While many University of Wisconsin students roll out of bed just in time to make it to their 9:55 a.m. class, student teachers in UW’s School of Education wake up at 6:30 a.m. five days a week.
Their day not only begins when it is still dark outside but also continues until at least 4 p.m., after teaching, planning assignments and grading tests. Following an eight-hour day, student teachers are also required to take six credits of class at night.
Jody Fassett, a UW senior majoring in secondary education mathematics, is currently teaching seventh grade students at Winnequah Middle School in Monona. Adjusting to the different time schedule is difficult, according to Fassett.
“Most college students sleep between the hours of one a.m. and 10 a.m, or something slightly nocturnal,” Fassett said. “It makes it hard to have a schedule so different from your friends and roommates.”
Student teachers are required to teach half of their cooperating teacher’s classes for a minimum of four weeks during the semester. However, depending on the cooperating teacher, student teachers often take on a larger workload.
Christina Janz, a UW senior also majoring in secondary education mathematics, teaches eighth grade at Savanna Oaks Middle School in Fitchburg. Janz currently teaches one class on her own and will soon teach two. In addition, Janz spends part of her day planning with fellow team members, supervising a study hall and prepping for the next day.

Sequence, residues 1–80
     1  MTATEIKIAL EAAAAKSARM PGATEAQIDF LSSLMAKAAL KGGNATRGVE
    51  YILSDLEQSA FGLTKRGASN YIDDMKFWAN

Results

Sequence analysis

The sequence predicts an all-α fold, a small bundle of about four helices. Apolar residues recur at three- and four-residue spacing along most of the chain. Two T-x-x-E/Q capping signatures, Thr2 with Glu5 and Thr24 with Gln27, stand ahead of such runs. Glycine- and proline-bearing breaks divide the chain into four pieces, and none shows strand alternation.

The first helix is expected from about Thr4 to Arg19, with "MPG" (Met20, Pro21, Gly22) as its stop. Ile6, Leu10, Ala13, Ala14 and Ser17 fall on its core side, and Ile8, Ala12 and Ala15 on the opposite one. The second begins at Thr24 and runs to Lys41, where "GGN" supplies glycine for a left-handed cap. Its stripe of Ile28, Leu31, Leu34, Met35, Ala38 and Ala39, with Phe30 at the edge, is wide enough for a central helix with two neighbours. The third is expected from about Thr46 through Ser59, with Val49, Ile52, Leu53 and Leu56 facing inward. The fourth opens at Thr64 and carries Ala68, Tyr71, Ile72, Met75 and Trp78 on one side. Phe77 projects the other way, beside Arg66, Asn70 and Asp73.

Because Janz is expected to partake in the same activities as her cooperating teacher, she believes she is gaining valuable skills for use after college.
“It gives me a more realistic view of [the] teaching life,” Janz said. “I feel like it is equivalent to an internship because of the time commitment and first hand experiences gained.”
Eric Knuth, an assistant professor in the School of Education, teaches Curriculum and Instruction 395, a required course Fassett and Janz are currently enrolled in. The course is designed to help future mathematics teachers incorporate technology into the classroom.
Knuth recognized the time commitment and workload student teachers undertake.
“I think it is often times a lot for students to handle,” Knuth said. “I don’t think most people realize in general how difficult is to be a teacher.”
Fassett said she recognizes the benefits and enjoyment found in student teaching.
“It is rewarding when a student who struggled in the beginning makes great improvements because of my influence,” Fassett said.
Student teachers pay full tuition even though they are working a 40-hour job and relieving the workload of a professional teacher. In addition, the cooperating teacher receives a monetary bonus for allowing a student teacher in their classroom.
Student teachers receive 12 credits for teaching at middle schools or high schools and do not receive a grade. Student teachers are also required to teach until June 10th, one month past the end of UW’s semester.
However, changes will soon be implemented in the School of Education’s student teaching program. Instead of teaching full time for two semesters, students will spend one semester teaching part time and attending class part time. The next semester students will teach full time and will not be required to take additional classes.
With the stress that comes along with teaching, Fassett and Janz said they feel the workload is taking over their lives.
“I do not have much of a social life these days,” Janz said. “What keeps me going is knowing I’m almost done.”